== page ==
An Interview with Jeremy Petrusma – Ontario Conservation Coordinator

 By Madison Martinez & Jeremy Petrusma

June 27, 2023

Jeremy Petrusma, Ontario Conservation Coordinator.

Invasive species removal and management has been a priority for A Rocha Ontario’s conservation efforts for nearly 10 years. At the Cedar Haven Eco-Centre, our team is working hard to address the spread of invasive species. To get a better understanding of the significance of invasive species onsite and in Southern Ontario generally, I connected with our Conservation Coordinator, Jeremy Petrusma, to ask him some questions.

What are invasive species? What are some examples in Ontario?

Invasive species are any organisms like plants, animals, insects, and pathogens that are introduced to an area and cause harm to the environment, economy, or society. We see examples of this in our everyday lives! If you live in the city, many of the little brown birds that you hear chirping and see flying around are invasive House Sparrows. If you live outside the city and have any Ash trees on your property, then you have experienced the impact of the invasive Emerald Ash Borer. Finally, Garlic Mustard is a common invasive plant which takes over and covers the forest floor with a monoculture, reducing our native plant diversity.

What work is A Rocha Ontario doing to address invasive species?

For many years now, we have actively removed and disposed of several invasive species through different methods. For instance, at the Cedar Have Eco-Centre, we hand pull Garlic Mustard at the root before it goes to seed. Similarly, Buckthorn (an invasive small tree) is pulled out by the roots using a tool called an extract-a-gator. We also combat invasive Reed Canary Grass that impacts our wetlands by tarping areas and planing native marsh species once the Reed Canary dies. Finally, we remove Curly Pondweed from our pond by using a large razor and rake that cuts the plant and then drags it to the shore. 

What are the main challenges to this work?

The main challenge of this work is the scale. Once an invasive species becomes widespread, it is very difficult to eradicate. Therefore, it is often important to prioritize ecologically sensitive areas or areas that have only recently had an invasive species move into them. 

The second challenge is finding an effective removal technique. Invasive species tend to be hardy and adaptable. This means there are many moments of trial and error as we try to find effective methods of removal. For example, before using extract-a-gators (which remove the roots) on buckthorn, we had been cutting them with a saw. Unfortunately, the next season we would come across the stumps of cut buckthorn that had several new stems sprouting and growing leaves. We learned then that in order to fully deal with this plant, the roots needed to be removed. 

Why is this work important? Why is this a priority for A Rocha Ontario’s conservation efforts?

Removing invasive species is important as a first step to take practical action for the health of our ecosystems. We are able to make a direct impact on the ecological health of different areas and plant communities by doing this work. It allows for the native species to thrive in a balanced competition or mutualistic relationships. ARON has the expertise, equipment and resources to make this tangible benefit for the different habitats at Cedar Haven.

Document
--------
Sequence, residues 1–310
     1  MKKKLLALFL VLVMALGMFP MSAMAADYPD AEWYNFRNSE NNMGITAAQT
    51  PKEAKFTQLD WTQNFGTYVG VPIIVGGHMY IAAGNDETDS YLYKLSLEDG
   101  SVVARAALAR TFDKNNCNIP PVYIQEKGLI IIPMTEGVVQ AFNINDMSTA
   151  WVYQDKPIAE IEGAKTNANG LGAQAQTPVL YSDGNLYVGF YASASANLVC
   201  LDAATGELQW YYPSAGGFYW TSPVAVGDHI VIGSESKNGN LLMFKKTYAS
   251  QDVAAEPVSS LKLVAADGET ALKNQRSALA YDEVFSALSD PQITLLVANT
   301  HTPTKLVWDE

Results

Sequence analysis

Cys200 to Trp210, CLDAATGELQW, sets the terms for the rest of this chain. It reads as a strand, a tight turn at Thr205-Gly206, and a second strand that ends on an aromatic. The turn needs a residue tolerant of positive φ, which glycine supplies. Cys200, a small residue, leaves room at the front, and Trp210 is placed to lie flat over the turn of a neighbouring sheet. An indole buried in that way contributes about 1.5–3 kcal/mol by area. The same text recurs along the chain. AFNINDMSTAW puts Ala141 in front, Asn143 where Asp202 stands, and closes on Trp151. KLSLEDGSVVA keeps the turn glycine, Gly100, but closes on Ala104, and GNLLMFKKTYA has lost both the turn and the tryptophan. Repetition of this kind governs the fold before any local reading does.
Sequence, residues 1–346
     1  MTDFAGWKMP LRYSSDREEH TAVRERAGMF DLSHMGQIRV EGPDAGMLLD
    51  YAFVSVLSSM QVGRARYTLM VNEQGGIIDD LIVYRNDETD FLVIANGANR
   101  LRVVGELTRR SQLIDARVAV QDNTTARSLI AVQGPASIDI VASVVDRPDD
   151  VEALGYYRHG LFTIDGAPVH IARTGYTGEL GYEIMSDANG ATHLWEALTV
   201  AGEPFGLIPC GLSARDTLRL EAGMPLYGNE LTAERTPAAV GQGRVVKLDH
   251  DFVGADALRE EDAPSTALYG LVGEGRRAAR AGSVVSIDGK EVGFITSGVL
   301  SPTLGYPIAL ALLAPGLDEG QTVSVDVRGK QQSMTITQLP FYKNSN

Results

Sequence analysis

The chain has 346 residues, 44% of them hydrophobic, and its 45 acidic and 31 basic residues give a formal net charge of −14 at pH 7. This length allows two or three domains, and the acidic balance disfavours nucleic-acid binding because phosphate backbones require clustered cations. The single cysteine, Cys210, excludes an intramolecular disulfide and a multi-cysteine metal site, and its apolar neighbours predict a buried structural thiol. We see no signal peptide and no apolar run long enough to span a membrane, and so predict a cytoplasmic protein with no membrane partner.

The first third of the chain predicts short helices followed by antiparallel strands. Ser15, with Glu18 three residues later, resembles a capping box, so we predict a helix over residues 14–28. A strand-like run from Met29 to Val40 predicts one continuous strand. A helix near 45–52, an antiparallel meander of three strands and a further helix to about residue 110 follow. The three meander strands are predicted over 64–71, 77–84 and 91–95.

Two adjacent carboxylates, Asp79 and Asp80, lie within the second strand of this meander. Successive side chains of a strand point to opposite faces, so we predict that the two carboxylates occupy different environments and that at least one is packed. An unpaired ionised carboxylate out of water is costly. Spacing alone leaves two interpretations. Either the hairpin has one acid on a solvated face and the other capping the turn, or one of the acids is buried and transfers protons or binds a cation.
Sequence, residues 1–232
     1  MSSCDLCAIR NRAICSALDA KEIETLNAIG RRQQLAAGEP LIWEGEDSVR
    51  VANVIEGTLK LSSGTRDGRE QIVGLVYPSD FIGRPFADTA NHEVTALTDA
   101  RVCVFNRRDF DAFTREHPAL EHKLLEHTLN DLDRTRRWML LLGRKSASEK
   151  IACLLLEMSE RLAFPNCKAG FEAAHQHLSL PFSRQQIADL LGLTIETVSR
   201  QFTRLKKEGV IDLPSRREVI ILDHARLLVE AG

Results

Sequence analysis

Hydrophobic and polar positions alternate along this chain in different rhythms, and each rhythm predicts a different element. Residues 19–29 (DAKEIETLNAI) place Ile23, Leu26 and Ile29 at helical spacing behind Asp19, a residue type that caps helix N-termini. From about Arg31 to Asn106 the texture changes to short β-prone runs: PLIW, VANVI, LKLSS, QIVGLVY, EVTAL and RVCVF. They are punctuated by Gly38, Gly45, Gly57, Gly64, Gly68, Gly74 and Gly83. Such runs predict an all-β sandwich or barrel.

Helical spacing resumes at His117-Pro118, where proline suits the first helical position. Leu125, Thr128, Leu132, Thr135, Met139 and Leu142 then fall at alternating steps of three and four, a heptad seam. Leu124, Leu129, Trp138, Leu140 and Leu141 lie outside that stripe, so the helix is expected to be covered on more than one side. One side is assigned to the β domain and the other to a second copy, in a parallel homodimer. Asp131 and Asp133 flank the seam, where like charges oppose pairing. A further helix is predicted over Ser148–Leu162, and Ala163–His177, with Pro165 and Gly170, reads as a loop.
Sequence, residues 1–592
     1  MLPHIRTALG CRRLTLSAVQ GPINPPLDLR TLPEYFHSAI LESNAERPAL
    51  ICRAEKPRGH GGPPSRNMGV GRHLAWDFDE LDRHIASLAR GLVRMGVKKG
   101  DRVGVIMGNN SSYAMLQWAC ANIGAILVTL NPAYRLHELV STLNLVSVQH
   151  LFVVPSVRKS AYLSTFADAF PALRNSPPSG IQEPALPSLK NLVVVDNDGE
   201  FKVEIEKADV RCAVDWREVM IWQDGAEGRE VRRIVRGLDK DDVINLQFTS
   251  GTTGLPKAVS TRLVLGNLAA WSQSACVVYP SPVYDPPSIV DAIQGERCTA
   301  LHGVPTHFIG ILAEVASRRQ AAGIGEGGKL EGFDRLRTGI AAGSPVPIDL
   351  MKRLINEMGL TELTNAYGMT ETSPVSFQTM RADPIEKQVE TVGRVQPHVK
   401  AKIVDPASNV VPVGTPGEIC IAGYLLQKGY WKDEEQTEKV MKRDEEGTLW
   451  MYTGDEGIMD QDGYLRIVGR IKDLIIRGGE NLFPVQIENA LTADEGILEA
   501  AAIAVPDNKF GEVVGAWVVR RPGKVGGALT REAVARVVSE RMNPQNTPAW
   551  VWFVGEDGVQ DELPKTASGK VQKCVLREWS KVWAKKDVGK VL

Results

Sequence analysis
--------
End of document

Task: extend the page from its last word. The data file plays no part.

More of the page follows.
Is there anything people can do at home to support the elimination of invasive species?

A great starting point is learning about and being able to identify some invasive species in Ontario. Try to learn their names and look around your yard or park to identify them. If you find some invasive species in your area, learn about effective removal techniques for that particular species. Then, if the methods of removal are low tech and within your capability, start removing them from your property and dispose of them in a safe way. For example, Garlic Mustard can be hand pulled to remove the roots and disposed of in garbage bags to prevent them from spreading the seeds they produce. Information and resources on Garlic Mustard and other invasive species can be found easily at the Invasive Species Centre. 

How can people best support this work?Invasive Species Removal at the Cedar Haven Eco-Centre.

One way to support our work is to make a donation. This supports our conservation efforts in Ontario and directly supports work like invasive removal and other projects that create habitat for species that are at risk. Another way to support is by volunteering. If you are interested in contributing to invasive removal at the Cedar Haven Eco-Centre, we can train you in identification and removal techniques. Feel free to reach out to to explore more opportunities!

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Support A Rocha's conservation efforts in Ontario

Help support A Rocha Ontario’s conservation work by making a donation! Your donation will support projects and programs designed to restore and preserve habitats at the Cedar Haven Eco-Centre and more broadly in Southern Ontario. As well, your donation will help us to engage and train volunteers in hands-on conservation.

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